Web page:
Student thoughts: Society’s love for the Internet is an addiction

Maytinee Kramer / Contributing writer

opinion@fiusm.com


Do you ever have feelings guilt and pleasure when your image shows up on a screen?  Do you grab your phone first thing in the morning?  Even worse, do you text and drive? We can all admit that at some point, we have a desire to be online, but many times, it’s not for work related reasons.

Internet addiction and the dangers of excessive computer gaming are nothing new, but the subject is receiving fresh attention with an alarming trend in China. It is estimated that roughly one in ten children between ages 10 and 19 are addicted to the Internet. Even here in the U.S. we are attached to our  tech –  social media, our smartphones, our tablets, the Internet – but it seems we are too attached, possibly to the point of addiction. A 2014 study showed that 16 percent of 18 to 25-year-olds dealt with compulsive Internet use.

In the U.S., Internet addiction is not formally recognized as a mental illness, but many acknowledge that the phenomenon is more complicated than a simple social problem. Growing concerns have called for medical practitioners and health officials to offer therapy and treatment centers for these addictions.

Research has shown that excessive technology and Internet use can cause dependence and addiction, both psychologically and physically. The brain naturally develops patterns of use through human relationships, but with Internet use quickly replacing in-person social interaction, this function of the brain can quickly make bad habits compulsive, and in cases such as this, a health concern.

Technology and Internet dependence can become a source of chronic tension, physical health detriments, emotional distress, decreased performance at work and school and an inhibitor of emotional intimacy.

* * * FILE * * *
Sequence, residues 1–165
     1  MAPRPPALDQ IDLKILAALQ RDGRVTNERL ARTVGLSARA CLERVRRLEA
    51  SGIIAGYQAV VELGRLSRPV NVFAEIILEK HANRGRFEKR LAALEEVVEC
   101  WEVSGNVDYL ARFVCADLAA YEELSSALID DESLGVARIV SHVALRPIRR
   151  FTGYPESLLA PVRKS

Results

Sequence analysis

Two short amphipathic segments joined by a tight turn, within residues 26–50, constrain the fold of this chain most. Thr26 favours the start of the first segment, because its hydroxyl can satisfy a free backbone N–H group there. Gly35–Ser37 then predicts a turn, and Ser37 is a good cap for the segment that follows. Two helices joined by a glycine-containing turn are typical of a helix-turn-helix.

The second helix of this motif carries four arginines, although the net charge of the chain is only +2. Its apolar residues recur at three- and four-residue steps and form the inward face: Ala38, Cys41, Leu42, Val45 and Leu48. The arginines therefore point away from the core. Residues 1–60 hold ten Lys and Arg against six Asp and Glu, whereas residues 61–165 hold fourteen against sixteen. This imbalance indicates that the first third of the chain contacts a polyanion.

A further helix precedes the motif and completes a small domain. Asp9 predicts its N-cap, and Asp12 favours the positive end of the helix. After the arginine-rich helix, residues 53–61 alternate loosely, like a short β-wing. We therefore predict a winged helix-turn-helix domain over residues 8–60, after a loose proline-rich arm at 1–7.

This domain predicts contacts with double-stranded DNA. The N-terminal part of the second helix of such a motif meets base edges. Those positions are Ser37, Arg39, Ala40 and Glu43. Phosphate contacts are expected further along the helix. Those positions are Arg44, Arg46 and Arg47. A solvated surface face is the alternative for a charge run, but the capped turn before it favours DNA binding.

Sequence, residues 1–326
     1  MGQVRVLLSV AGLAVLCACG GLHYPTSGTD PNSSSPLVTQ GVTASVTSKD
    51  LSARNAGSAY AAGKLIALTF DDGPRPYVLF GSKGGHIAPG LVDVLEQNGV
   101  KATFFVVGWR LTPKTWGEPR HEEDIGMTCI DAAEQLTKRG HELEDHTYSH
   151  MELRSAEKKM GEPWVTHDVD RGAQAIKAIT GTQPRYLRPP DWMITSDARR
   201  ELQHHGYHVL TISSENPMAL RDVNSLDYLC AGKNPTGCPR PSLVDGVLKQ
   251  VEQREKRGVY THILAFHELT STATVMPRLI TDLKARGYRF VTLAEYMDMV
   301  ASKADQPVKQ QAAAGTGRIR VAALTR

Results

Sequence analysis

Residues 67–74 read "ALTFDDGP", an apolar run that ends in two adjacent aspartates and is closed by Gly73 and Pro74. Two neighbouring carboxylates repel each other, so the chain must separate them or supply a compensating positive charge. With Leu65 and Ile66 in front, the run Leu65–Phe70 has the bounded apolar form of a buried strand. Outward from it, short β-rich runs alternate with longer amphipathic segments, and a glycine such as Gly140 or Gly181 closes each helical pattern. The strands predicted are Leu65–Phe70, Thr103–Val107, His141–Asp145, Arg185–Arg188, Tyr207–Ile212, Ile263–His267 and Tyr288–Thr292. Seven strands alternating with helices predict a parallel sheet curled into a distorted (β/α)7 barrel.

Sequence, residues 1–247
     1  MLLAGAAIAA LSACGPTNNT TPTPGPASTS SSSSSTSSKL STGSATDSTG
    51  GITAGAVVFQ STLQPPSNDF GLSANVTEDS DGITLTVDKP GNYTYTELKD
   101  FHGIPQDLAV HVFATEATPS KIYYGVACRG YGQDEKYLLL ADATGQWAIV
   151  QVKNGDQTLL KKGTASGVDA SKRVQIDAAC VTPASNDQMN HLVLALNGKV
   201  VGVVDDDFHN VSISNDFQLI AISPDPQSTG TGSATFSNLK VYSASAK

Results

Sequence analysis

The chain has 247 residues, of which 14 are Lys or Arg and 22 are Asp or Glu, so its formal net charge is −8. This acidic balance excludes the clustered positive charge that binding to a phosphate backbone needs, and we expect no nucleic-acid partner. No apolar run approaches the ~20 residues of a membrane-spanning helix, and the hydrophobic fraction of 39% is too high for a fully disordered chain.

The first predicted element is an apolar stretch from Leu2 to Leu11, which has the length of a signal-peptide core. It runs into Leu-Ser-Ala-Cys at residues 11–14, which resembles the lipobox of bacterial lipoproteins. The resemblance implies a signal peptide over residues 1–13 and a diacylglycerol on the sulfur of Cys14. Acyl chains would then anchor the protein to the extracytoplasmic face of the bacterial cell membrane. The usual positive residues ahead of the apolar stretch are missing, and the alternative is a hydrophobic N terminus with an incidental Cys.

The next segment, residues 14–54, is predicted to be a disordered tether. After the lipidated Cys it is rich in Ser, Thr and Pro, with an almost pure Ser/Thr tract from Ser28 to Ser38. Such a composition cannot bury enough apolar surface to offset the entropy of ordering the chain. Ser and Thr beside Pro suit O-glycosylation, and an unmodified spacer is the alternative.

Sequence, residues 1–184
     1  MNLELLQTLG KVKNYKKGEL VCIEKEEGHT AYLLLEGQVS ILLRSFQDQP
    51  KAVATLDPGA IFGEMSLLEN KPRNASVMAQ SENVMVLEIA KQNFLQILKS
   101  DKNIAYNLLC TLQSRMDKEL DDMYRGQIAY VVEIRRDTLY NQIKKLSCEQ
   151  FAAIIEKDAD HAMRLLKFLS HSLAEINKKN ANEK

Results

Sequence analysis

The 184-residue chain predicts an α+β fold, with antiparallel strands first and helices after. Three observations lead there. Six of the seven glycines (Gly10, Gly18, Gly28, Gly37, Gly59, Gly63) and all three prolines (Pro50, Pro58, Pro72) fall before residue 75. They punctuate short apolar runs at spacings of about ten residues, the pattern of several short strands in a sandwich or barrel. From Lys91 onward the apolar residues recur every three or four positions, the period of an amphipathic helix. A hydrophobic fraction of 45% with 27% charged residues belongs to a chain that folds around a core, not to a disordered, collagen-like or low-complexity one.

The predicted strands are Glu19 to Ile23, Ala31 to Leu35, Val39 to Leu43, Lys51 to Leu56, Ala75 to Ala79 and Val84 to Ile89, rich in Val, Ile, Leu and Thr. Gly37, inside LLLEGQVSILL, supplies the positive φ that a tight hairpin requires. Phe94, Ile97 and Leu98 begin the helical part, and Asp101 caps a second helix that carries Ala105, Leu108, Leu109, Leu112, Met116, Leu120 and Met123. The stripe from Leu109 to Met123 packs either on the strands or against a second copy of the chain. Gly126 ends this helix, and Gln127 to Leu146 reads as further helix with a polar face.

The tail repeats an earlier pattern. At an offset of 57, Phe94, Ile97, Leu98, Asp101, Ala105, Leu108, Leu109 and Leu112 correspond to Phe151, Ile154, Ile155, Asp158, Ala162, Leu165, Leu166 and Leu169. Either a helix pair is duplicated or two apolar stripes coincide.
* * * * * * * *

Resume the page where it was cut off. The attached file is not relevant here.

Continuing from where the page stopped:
When unable to engage in online activities, people, especially children, become restless, angry or depressed. As the old saying goes, “monkey see, monkey do.” Children learn from what their parents do, and in today’s society, many parents are more interested and more responsive to their screens than to their children. Because of this, children feel the disconnect, which leads them to take to the Internet themselves.

Wherever you go, you can easily observe how many people are on their phone, how many children hold gadgets instead of their parent’s hand, how many are posting selfies rather than engaging in conversation.

All people are different, with some using technology more than others. We all have and understand our own wiring. Internet addiction is sucking the life out of us, taking us away from the engagement of reality.

It may be wise to take a page out of China’s and Korea’s book to develop a curriculum to teach children and adults how to protect themselves from overusing digital gadgets and the Internet.  We should all take a step back and take pleasure in the simpler things in life such as reading for pleasure, playing outside, getting creative and having face-to-face social time. Most importantly, everyone should know how, when, where and why it’s acceptable to be online.


 

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About the Author

Sam Smith
The Beacon - Editor-in-Chief

1 Comment on "Student thoughts: Society’s love for the Internet is an addiction"

  1. Great article! I definitely agree; it seems like our technologies have gone from tools to a complete lifestyle. I have to wonder what the long-term effects will be for children who have spent their entire lives surrounded by cell phones and computers.

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